By Nancy Jo Cullen


Remember February? It was a whole lifetime ago in this pandemic moment. In retrospect, it seems innocent to have hated on winter so hard, to have been holding out for March and the advent of spring when all things would begin to feel better. Usually, this is true so I hold no grudge against myself for thinking so. 2020, this difficult and surreal year, is punking us all.

But I’d like to tell you about my February because just mere weeks ago when I still hugged my friends in greeting and brushed past people on the sidewalk, I took part in a marathon of sorts with the poetry group I hang with. For the month of February, we wrote a poem a day and each day we emailed our poems to the group. It was an exercise in commitment and openness as we fired off our work to one another. It was tiresome and all consuming. It was a wacky idea and it seemed like it would be impossible – the way a diet is impossible – you think you should maybe do it but you know you really won’t. Only we really did it. For the month of February the five us sent each other a daily poem, some were great and some were so-so, but we thought about and prioritized poetry for a month and that was awesome. And, going forward, each of us has pieces to work on that were generated during our writing challenge.

I’m not sure any of us believed we would really do it but Sarah, who brings a spirited energy to our meetings, touted it as an entirely doable challenge. Now, I’ve always had the kind of writing life where I’ve had to fit writing into the nooks and crannies that open up around work/life obligations when (and if) they do.  The only other time I’ve written daily was during a two-week stint at the Banff Centre in early 2008. So, not surprisingly, I was dubious. 

But on February 1, I got up and wrote a poem, first thing. I was thinking of tanka when I wrote the poem and followed its form loosely. Rather than complying with the syllable count (which I think is a rule that must lose a great deal in the translation between Japanese and English) I thought of the shape of a tanka: short line, long line, short line, long line, long line. I tried to think of it as long sentence, short poem with a little third-line turn. And the next day I wrote a new poem.

Each day, our group of five wrote and attached a poem to our daily email thread. So, not only were we writing new poems, we were reading four new poems and commenting on each other’s work. It was an immersive and invigorating experience. It left no time for me to do much else than to write my daily poem and manage my paid work, but rather than worry about a next, more practical prose project I gave myself over to the challenge and pleasure of a new poem every day.

Of course, a month-long project to produce daily poetry ends up being more about process than product. We spent our month making poems the centre of our days and most definitely there were days when a haiku or even a limerick had to suffice, but over the course of the month each poet began to create work that turned around a theme or experience. Perhaps this is the natural outcome of meeting the obligation of writing a new poem each day, we found ourselves working through the material at the front of our minds. It was a vulnerable position for us to be in; we were sharing early drafts of work that, at times, felt intensely personal. The commitment to write a daily poem didn’t allow for distance or even much rewriting. This led to a heightened sense of sharing that felt a bit like a radical honesty workshop. Keep in mind, we were reading each other’s work and commenting but not workshopping the poems.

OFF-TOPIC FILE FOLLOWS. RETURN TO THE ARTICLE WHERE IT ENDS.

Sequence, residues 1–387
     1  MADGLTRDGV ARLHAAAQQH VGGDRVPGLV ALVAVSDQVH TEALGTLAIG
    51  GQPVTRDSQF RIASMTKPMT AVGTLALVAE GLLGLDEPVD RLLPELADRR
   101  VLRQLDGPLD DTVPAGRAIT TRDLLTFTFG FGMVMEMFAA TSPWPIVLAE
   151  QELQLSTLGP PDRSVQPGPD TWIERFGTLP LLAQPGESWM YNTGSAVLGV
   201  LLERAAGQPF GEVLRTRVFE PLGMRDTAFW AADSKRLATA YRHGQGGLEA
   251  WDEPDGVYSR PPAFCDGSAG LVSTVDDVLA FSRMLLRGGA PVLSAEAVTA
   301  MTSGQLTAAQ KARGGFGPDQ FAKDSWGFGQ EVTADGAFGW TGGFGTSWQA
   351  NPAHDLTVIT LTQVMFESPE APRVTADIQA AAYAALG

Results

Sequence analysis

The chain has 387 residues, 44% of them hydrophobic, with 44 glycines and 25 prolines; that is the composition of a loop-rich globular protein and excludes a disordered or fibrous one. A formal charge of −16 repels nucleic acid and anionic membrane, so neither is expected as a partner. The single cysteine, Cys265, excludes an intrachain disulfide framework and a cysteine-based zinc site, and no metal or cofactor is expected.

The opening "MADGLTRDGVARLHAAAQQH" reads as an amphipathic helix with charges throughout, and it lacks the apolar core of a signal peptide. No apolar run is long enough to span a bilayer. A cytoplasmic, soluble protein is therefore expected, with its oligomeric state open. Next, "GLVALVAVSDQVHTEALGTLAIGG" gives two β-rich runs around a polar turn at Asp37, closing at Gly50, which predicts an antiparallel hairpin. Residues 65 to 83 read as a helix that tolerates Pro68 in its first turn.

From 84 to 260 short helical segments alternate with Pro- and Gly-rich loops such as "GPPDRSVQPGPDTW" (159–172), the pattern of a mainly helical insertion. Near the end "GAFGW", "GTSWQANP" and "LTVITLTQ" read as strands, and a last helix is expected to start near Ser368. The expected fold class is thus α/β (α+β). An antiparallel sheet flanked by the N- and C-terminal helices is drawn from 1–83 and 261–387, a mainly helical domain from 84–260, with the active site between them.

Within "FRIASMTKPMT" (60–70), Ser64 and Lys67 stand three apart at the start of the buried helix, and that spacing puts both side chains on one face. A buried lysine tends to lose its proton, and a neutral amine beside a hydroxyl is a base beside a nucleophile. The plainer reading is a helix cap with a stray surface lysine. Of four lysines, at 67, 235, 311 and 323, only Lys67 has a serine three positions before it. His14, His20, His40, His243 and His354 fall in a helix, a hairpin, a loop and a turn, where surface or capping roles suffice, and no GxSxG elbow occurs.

And there were deeper effects on how we each approached our own writing practice during this time. First, and perhaps most important, we found ways to carve out the time in our daily lives to write. We realized it was possible to come to the task every day.  It is also true that most of us tend to wait for inspiration to strike but writing a poem every day required us to simply just start and discover we where we ended up. We couldn’t build toward our customary leaping points to begin a poem; we just leapt. We had to learn to trust ourselves, our ideas and most especially each other as we shared our early drafts with each other.

February’s poetry writing challenge created a process where we had to shed old habits in order to keep writing. Will we return to those old habits? I can only speak for myself and the answer is, for the most part, yes. But I’m also trying to write through the poem differently, to leave unfinished lines as place markers and to carry on, until I know the poem better and can return to the place that needs work. And, as difficult as it is to imagine anything but this global moment of isolation we are all living through, it seems likely that we will return next February to another immersive month of writing poems together apart.

The views expressed by Open Book columnists are those held by the authors and do not necessarily reflect the views of Open Book.

Nancy Jo Cullen is the fourth recipient of the Writers’ Trust Dayne Ogilvie Prize for LGBT Emerging Writers. She holds an MFA in Creative Writing from the University of Guelph and her short story collection, Canary, was the winner of the 2012 Metcalf-Rooke Award. Her poetry has been shortlisted for the Gerald Lampert Award, the Writers’ Guild of Alberta’s Stephan G. Stephansson Award and the City of Calgary W.O. Mitchell Book Prize. She lived in Calgary for over two decades and still returns regularly to connect with family and friends. She now lives in Kingston, Canada.

Nancy's latest novel, The Western Alienation Merit Badge, was published in Spring 2019 by Wolsak & Wynn, to wide critical acclaim.